By Ray Stern
By New Times
By Amy Silverman
By Stephen Lemons
By Stephen Lemons
By Monica Alonzo
By Chris Parker
By New Times
Hide and seek: We, members of the Christian Faithful, apologize for the lateness of this communication. However, it does not lessen our appreciation of your coverage in New Times of the controversy involving Father Saúl Madrid, Bishop Thomas O'Brien and the Catholic community/Latino parishioners ("Immaculate Heart Break," Gilbert Garcia and Laura Laughlin, July 27).
It is so refreshing to read your weekly newspaper, a newspaper whose editor is not afraid to tackle difficult issues. A newspaper that "does its homework" of exhaustively researching an issue and then presents the findings to its readers. You know you are being effective when Bishop O'Brien condemns your articles! Sadly, we believe he uses this ploy as a way to hide behind them and avoid facing issues and giving the public and his parishioners the information they're seeking.
We think your two writers are to be congratulated. The comprehensive and thorough research they did in preparing the article was highly admirable. That article got great mileage -- a number of people read it on the Internet; it was distributed and shared with friends in the Valley and state as well as throughout the country.
Again, Gilbert Garcia's article in a recent issue of New Times ("Strife With Father," November 16) was just excellent. He did a wonderful job of not letting Father Madrid or Bishop O'Brien "off the hook" by recalling to the reader the numerous problems with priests under the bishop's 20-year term and (between the lines) reminding the reader that Bishop O'Brien's modus operandi has always been to hide, avoid the press and show a total lack of respect and accountability toward his parishioners. Oh, yes, and to blame the press for his problems and accuse them of "yellow journalism."
Thanks again for your conviction to get the truth out to the people and for your courage.
The Christian Faithful
Mal de mayor: Your column ("2000 Maniacs," Jeremy Voas, November 9) was the most direct and accurate text I have seen regarding the manner in which the City of Phoenix truly operates. I am a native Phoenician and downtown community activist who worked daily to save the Warehouse District, as well as other historic buildings and communities, and it became all too apparent to me that Mayor Skip Rimsza and those leading the City Manager's Office are not interested in the will of taxpayers or the viability of the communities they serve, especially the downtown area. Jerry Colangelo and his nonprofit organizations, Downtown Phoenix Partnership (which just received $800,000 from the city for "Copper Square") and Phoenix Community Alliance, seem to be the only appropriate factors when decisions are made as to the future of our downtown. The fact that our city manager, Frank Fairbanks, and our deputy city manager, Cheryl Sculley (as well as the Arizona Republic), are part of Downtown Phoenix Partnership makes this conclusion all the more concrete.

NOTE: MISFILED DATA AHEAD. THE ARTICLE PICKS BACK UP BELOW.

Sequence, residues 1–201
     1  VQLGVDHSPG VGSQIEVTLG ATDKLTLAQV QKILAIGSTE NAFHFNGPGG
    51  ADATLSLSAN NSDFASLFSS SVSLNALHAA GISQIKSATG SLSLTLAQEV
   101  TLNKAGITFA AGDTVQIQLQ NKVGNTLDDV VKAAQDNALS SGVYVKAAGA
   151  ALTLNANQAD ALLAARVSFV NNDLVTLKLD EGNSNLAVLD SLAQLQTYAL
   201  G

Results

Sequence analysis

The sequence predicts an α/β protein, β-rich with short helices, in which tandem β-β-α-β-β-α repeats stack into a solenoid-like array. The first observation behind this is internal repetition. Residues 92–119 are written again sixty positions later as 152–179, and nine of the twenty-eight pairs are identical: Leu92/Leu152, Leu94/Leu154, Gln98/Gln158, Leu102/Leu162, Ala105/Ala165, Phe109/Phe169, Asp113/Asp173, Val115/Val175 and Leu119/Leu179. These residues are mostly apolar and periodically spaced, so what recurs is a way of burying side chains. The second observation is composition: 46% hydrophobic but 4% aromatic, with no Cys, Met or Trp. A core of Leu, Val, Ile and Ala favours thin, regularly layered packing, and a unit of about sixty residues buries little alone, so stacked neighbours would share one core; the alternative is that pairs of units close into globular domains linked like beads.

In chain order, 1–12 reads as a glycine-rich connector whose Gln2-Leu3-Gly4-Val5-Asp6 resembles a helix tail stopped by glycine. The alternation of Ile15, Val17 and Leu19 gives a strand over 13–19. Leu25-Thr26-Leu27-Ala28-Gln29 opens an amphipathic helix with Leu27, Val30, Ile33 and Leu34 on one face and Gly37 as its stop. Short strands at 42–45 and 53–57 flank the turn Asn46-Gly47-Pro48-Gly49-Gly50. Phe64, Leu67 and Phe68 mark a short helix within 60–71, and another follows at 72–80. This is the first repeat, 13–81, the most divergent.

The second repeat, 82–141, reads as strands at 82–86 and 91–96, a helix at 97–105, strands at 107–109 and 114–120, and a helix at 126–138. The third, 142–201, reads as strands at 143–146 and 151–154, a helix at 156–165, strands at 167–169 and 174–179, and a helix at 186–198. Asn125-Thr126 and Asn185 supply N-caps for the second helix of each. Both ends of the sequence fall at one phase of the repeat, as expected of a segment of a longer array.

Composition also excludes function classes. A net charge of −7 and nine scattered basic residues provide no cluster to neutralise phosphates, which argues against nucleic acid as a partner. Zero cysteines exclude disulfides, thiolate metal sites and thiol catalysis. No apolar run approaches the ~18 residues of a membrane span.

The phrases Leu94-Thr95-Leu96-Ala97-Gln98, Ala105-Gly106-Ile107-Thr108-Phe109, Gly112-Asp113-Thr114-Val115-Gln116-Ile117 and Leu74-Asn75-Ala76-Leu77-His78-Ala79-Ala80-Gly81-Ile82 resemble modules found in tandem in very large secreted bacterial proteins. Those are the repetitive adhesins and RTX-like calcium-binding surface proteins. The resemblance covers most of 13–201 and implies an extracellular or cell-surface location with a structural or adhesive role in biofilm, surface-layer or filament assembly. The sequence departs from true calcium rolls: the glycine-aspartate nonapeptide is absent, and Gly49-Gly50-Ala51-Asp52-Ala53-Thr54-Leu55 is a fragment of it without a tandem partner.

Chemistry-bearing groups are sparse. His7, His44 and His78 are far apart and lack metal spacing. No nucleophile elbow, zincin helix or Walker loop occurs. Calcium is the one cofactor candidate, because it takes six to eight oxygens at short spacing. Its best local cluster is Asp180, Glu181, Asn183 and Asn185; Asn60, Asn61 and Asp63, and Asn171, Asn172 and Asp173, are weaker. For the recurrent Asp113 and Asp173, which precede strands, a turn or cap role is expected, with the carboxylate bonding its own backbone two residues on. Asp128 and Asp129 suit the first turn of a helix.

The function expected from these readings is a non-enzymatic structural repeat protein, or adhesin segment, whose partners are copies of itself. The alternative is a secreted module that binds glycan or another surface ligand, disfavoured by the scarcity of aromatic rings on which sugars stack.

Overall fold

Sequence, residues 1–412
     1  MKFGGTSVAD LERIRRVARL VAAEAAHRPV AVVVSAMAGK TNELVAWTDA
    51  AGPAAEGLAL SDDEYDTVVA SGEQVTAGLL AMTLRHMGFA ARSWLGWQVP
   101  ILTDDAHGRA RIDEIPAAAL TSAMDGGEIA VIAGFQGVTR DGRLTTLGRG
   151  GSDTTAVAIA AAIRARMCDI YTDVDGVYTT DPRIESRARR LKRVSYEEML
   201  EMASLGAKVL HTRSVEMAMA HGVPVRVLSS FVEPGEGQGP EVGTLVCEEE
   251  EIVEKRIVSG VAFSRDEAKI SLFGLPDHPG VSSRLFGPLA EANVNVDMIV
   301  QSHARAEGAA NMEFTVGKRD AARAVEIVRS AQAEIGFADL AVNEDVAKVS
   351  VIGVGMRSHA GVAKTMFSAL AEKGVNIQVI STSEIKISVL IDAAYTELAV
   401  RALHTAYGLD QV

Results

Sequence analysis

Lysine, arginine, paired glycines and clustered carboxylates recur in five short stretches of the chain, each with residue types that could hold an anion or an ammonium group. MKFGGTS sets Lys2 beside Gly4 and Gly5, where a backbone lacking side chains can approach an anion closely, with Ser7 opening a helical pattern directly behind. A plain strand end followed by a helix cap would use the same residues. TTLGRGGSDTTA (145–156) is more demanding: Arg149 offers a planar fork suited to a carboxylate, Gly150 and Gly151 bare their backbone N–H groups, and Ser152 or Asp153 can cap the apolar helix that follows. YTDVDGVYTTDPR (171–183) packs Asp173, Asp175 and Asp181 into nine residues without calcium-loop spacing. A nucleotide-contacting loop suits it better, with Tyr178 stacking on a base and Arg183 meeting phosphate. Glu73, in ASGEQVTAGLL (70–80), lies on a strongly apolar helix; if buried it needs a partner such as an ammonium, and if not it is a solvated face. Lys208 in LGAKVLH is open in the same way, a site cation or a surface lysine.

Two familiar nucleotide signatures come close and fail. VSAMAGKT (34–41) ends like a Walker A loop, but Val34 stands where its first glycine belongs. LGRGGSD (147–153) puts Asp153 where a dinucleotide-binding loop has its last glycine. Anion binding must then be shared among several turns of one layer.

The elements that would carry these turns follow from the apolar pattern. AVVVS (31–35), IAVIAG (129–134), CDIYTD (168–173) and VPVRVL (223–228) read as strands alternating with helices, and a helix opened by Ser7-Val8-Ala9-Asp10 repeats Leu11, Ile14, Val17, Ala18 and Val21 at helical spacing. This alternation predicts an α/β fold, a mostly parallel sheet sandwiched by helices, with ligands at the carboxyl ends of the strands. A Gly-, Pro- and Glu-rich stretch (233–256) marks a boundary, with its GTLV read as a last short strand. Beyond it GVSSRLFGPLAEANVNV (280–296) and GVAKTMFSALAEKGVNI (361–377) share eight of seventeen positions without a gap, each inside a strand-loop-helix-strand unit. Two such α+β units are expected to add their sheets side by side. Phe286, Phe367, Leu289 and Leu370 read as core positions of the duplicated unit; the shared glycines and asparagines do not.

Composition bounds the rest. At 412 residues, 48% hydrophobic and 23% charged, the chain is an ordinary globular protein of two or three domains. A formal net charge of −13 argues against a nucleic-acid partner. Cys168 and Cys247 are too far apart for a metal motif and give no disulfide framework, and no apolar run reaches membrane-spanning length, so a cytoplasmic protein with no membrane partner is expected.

However, I must correct you with regard to Maricopa County's plan to place its new jail, morgue and parking garage(s) in downtown Phoenix. The City of Phoenix was fully aware of the impending disaster that the Maricopa County Board of Supervisors had planned for the Warehouse District. Additionally, the Maricopa County BOS now has plans for two parking garages within seven blocks of each other, both on Jackson Street. Lastly, the Jackson Street Ad Hoc Committee made several resolutions that were sent to the city council for approval, the most dominant being a request from the City of Phoenix to the Maricopa County BOS to move the jail from the Warehouse District to Durango. This resolution alone was not acted upon by the city council.
My experience with the City of Phoenix has left me almost completely apathetic to my birthplace and the future that awaits us all. I long for the days of Mayor Terry Goddard and local government by active participants.
Wrecking bawl: Thank you, Laura Laughlin, for exposing State Farm Insurance ("Snake Killer," November 16). State Farm may be like a good neighbor when it comes to fender benders, but God help any policyholder in an injury accident, such as the one I suffered in 1993. I suffered a whiplash-related injury when I was struck by an uninsured driver running a red light. I suffered back pain and was treated by a chiropractor for two months after that. I had a 10-day rental car clause with my policy, and State Farm did not appraise the damage on my vehicle until nine days after the accident, which gave me exactly one day to decide on the fate of my vehicle, whether to repair or replace it. They declared it a total loss, although I found out later that the repair estimate was only about $200 more than Blue Book, which they never disclosed to me. I would have been willing to pay for the repair, but instead they insisted on my replacing it, which cost thousands more. For my injury, they offered a settlement so low that it was an insult. My personal injury lawyer was able to negotiate a higher settlement, but it still was not sufficient. I was not being greedy, but the accident caused a major financial hardship in my life that State Farm refused to acknowledge. I was forced into bankruptcy and required to work two or three jobs at once to pay subsequent living expenses arising from the accident, thanks to the skinflints at State Farm.